Don’t dwell on it. We all make mistakes don’t beat yourself up. Learn from it and move on.
Mistakes happen in the workplace. Often they can be an opportunity for growth. As Winston Churchill said “All men make mistakes, but only wise men learn from their mistakes”.
Ambivalence and apathy in the workplace are not uncommon, and much to your employer’s dismay lead to a substantially less productive environment. If you’ve got the doldrums, try these five tips:
Get a Good Night’s Rest. Sleep matters. According to msnbc.com people who slept less than six hours experienced an increased body mass index (height-to-weight ratio) more than those who slept seven to eight hours.
Eat Healthy. The average person gains a whopping 7-12 pounds. According to the ADA, you’re one step ahead if you eat six small meals a day, unless when you do you’re gorging on your favorite fast food restaurant’s value meal. Be selective in what you eat and do so only when you are truly hungry.
Exercise. Simple equation: if you burn more calories than you eat, you’ll lose weight. Healthy weight loss is 1-2 pounds per week. To lose 1 pound per week you need to create a calorie deficit (burn more than you eat) of 500 calories per day. Certainly achieve with even moderate aerobic exercise.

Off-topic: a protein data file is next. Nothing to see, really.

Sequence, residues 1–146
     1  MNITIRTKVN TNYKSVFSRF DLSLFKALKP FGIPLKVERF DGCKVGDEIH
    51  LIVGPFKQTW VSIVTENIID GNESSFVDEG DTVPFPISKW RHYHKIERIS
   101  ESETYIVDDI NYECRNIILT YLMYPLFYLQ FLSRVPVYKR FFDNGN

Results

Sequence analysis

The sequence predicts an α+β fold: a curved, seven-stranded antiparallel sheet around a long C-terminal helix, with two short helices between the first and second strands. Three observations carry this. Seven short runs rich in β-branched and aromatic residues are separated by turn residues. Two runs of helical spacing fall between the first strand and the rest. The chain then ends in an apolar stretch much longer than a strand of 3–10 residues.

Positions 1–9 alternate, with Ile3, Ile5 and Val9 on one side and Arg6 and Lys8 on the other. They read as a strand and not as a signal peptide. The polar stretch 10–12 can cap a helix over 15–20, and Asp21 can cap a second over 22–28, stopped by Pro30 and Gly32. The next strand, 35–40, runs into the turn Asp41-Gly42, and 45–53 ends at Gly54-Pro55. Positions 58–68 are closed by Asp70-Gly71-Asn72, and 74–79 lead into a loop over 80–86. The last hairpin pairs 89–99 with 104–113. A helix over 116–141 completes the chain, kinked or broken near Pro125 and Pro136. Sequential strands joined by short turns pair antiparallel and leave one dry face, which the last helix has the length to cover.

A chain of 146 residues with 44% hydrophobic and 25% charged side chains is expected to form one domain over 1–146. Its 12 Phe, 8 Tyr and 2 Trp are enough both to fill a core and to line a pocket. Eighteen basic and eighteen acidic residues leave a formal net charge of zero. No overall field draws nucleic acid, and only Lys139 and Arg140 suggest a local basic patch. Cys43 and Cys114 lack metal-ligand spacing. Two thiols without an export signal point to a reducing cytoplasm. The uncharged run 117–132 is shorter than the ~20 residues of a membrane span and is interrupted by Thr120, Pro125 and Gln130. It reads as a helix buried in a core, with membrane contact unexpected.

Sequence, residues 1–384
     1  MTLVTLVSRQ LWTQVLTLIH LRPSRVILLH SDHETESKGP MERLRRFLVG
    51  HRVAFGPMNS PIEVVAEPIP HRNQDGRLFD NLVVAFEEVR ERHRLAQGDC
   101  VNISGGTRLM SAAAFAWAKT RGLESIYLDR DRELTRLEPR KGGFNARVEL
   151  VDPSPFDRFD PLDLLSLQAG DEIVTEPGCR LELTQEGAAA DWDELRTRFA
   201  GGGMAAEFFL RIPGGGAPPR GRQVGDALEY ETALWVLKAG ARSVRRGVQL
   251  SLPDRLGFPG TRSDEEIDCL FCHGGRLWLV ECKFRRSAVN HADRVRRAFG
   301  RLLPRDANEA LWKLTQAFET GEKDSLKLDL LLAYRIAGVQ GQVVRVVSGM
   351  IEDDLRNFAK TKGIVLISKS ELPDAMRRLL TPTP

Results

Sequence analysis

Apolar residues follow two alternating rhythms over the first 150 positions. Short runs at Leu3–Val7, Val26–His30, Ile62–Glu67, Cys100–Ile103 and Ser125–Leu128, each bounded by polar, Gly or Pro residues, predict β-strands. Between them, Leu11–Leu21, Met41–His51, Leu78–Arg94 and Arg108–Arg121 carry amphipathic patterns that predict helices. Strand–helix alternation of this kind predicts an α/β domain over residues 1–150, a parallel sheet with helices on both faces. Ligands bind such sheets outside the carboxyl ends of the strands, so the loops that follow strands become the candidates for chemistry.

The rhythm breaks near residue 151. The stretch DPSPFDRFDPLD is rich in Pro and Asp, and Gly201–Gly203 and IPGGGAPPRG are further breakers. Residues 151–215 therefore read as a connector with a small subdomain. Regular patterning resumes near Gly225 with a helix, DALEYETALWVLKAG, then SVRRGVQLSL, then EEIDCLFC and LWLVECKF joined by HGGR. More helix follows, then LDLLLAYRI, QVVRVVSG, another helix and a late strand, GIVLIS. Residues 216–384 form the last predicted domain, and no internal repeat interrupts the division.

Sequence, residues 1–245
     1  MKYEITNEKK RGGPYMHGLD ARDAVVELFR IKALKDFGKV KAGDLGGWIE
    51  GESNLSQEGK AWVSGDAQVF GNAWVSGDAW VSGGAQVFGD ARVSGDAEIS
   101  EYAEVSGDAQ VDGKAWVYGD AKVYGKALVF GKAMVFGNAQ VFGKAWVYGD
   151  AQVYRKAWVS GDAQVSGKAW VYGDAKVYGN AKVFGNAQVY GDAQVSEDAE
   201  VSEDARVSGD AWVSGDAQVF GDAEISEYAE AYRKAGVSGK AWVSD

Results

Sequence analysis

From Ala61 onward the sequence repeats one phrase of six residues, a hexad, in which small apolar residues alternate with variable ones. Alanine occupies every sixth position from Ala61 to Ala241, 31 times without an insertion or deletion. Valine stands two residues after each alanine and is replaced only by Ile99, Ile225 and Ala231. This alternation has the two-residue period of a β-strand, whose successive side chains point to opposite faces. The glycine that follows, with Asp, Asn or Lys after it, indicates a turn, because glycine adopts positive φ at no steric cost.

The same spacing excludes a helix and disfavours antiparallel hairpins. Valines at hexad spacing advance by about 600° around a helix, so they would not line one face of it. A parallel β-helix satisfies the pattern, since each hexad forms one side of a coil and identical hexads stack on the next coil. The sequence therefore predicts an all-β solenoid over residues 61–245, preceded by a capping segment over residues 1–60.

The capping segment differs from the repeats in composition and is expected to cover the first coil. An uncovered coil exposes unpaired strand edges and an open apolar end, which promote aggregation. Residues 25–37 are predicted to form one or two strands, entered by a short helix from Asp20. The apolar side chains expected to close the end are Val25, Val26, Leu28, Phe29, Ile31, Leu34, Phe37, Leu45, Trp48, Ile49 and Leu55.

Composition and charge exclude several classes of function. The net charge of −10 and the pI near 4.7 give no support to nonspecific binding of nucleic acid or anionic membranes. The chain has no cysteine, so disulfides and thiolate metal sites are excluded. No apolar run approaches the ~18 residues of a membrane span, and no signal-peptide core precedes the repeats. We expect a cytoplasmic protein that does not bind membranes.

Drink Water. The best fluid you can have. You may mistake hunger for thirst as your body gives out the same want for water as it does for food. Drinking water doesn’t offer you sugar or carbonation but, it does satisfy your hunger.
Laugh More. The heart beats faster, it tightens sagging stomach muscles and can bolster the immune system, helping to fight off infections like coughs and colds. Studies show an hour of laughter burns approximately 100 calories, equating to a half hour of weightlifting or vacuuming for three quarters of an hour. Both equivalent to a small bag of chips, or small bar of chocolate.
So, did you miss me? I know I haven’t written for a little while. Little things like a wedding, dance competitions, carving out new adventures, all seemed to have gotten in the way of my ramblings. Don’t fret though, I’m back.